A generation has passed since the Cold War ended — and along with it, a true understanding of communism. Young voters today grew up in school systems where capitalism was often a dirty word. They heard the siren call of socialism and its promise of being the great equalizer. They’re in for a rude awakening.
In this series, Glenn discusses the origins of communism, what it really means and what lurks behind the pleasant label of “democratic socialism.”
The four-part series is compiled below for your convenience.
Part I: How It’s Marketed
When Karl Marx was born in Prussia (now part of Germany) in 1818, 94 percent of the world’s population lived in poverty. 84 percent lived in extreme poverty. Feudalism as an economic system left a lot to be desired, like food. The capitalist system, under the Constitution of the United States, changed all of that dramatically.
In one of the greatest achievements in the history of mankind, just 9.6 percent of the world’s population lives in extreme poverty today. Back in 1818, America was just 42 years old and still developing, but it was already becoming the envy of the world. The capitalist — or free market — system was beginning to take hold and pull this country’s citizens out of poverty. It offered new opportunities for millions of citizens and immigrants were beginning to flood its shores.
Europe was a different matter. Monarchy and feudalism was still embedded throughout much of the continent. But great change was taking hold. Industrialization was bringing scores of people from the country to the cities — which were quickly becoming overcrowded. This led to massive discontent.
Marx, who despised what he saw of capitalism, would take advantage of this discontent, becoming radicalized at an early age.
After receiving his doctorate in philosophy, Marx and his wife moved to Paris in 1843, where he would meet a man who would become his life-long friend and colleague — Friedrich Engels. The two had supposedly been drawn to the plight of the workers from their childhoods. They both believed profits generated by the companies that employed them were stolen from wages the workers should have received.
As the two fed off each other, they became more and more radical in their thinking, until they became all-out revolutionaries and were both expelled from France. They moved to Belgium and in 1848, began to work on a pamphlet to share their beliefs. Initially entitled A Communist Confession of Faith, the pamphlet — written mostly by Marx — was published as The Communist Manifesto.
In 1867, Marx wrote another handbook for communist thinkers, Das Kapital. It was published in his home country, Germany, and translated into many other languages. In it, Marx made the point that capitalism exploited workers, and property rights simply kept rich people rich and poor people poor. He went on to write two additional volumes, which were published after his death at the age of 64 in 1883, by Engels.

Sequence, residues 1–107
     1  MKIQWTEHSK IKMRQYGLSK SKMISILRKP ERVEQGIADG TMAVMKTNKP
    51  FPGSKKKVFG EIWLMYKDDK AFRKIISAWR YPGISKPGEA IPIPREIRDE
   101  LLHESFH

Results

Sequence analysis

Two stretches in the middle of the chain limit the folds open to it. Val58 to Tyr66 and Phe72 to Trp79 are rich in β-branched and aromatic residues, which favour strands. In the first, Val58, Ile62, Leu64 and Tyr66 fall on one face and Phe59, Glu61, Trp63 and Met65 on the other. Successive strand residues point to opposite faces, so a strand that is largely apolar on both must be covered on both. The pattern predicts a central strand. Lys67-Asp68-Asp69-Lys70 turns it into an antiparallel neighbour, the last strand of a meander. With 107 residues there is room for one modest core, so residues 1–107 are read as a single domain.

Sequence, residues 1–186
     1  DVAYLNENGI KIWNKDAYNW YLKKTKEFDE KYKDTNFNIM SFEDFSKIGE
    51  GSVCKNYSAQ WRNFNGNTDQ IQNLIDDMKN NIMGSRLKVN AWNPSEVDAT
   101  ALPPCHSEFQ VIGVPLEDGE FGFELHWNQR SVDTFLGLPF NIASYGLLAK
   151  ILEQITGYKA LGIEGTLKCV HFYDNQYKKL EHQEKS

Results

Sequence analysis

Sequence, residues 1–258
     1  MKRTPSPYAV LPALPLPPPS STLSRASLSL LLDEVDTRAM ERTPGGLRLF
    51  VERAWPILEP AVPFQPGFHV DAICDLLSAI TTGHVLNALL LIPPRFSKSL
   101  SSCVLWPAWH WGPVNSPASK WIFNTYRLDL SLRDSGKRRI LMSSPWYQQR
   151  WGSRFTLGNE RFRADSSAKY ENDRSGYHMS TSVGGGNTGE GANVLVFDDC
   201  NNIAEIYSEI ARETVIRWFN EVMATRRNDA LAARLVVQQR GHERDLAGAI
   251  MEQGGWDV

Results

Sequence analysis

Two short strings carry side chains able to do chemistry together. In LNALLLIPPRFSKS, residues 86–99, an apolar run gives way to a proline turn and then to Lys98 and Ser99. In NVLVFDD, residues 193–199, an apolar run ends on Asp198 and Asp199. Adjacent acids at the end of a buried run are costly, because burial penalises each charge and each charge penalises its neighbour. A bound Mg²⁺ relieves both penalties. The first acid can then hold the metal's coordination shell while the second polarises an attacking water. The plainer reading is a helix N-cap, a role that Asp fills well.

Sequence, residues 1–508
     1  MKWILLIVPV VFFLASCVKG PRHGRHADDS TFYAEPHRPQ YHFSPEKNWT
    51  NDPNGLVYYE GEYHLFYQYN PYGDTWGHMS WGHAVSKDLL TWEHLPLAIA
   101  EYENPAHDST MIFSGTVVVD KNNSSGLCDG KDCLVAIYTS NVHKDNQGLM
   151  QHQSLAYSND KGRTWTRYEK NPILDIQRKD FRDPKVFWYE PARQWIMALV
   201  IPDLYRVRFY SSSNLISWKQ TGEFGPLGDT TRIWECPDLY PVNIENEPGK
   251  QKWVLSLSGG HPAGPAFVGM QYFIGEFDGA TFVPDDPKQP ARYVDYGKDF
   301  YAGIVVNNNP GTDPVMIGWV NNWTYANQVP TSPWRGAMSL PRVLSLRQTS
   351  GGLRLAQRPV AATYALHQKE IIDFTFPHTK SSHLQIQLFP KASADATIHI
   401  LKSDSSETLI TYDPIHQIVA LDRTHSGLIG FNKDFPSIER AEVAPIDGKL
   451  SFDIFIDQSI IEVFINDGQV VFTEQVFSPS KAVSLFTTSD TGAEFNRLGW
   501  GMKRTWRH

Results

Marx never experienced the Communist Revolution he sought in his lifetime. But his ideas would be remembered in the minds of others for decades to come. One young Russian was heavily and immediately influenced by Marx’s writing — a 17-year-old boy named Vladimir Lenin.
Part II: The Scourge Spreads
Communism’s first leader — Vladimir Lenin — fell ill and died in 1924, setting the stage for Josef Stalin. Just as it had been under the first few years of communist policies, the Soviet Union fell into another great famine in the early ’30s. Stalin brutally kept food from starving people, ordering his soldiers to shoot and kill peasants that came near it. Adding to the five million who had succumbed to the famine of 1921, another six million people died.
Former Ukrainian president, Victor Yushchenko, in a speech to the United States, put the total number of his dead countrymen at 20 million. It was essentially a genocide of the Ukrainian people, believed to have been planned by Stalin to eliminate the Ukrainian Independence Movement.
By the 1920s and 1930s, an Austrian named Adolf Hitler, once considered a joke in Germany, was a joke no longer. After joining and rising to the top of the National Socialist German Workers Party — the Nazi Party — Hitler attempted a coup in 1925, winding up in prison where he wrote Mein Kampf.
In Mein Kampf, Hitler laid out his intentions for ridding Germany of Jews and invading multiple nations. Somehow, the book captivated the imagination of many Germans. Hitler himself made a fortune from the proceeds. In 1933, he became chancellor of Germany and began implementing the policies he’d laid out to the German people. Hilter saw his brand of National Socialism as much more progressive than Soviet Communism.
Despite their animosity, the Communists and the National Socialists shared a thirst for blood and a lust for power. Hitler launched World War II with the invasion of Poland, and Germany then marched into France and Belgium. Soon, Europe was entrenched in the biggest and deadliest war in human history, the “workers” they spoke fondly of trampled in the ascension to power.
Before it was over, Hitler and his National Socialists had conducted the horrific Holocaust, with the extermination of six million Jews, and tens of millions more dying as a result of the war.